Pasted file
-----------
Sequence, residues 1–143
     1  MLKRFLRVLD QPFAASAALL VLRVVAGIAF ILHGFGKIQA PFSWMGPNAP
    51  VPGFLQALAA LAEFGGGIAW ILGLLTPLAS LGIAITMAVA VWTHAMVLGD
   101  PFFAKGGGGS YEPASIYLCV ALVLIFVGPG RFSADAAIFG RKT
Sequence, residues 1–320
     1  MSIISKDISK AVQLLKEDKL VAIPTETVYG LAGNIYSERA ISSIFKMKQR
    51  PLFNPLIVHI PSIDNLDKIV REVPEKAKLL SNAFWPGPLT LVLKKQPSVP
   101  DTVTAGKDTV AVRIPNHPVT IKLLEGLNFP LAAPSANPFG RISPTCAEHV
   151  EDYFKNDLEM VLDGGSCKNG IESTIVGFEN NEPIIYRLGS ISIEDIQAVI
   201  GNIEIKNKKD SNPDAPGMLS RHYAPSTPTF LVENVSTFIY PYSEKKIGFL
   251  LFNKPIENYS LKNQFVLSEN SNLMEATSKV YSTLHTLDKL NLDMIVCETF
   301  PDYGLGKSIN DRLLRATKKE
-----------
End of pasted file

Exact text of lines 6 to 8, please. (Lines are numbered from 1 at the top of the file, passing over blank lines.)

     1  MSIISKDISK AVQLLKEDKL VAIPTETVYG LAGNIYSERA ISSIFKMKQR
    51  PLFNPLIVHI PSIDNLDKIV REVPEKAKLL SNAFWPGPLT LVLKKQPSVP
   101  DTVTAGKDTV AVRIPNHPVT IKLLEGLNFP LAAPSANPFG RISPTCAEHV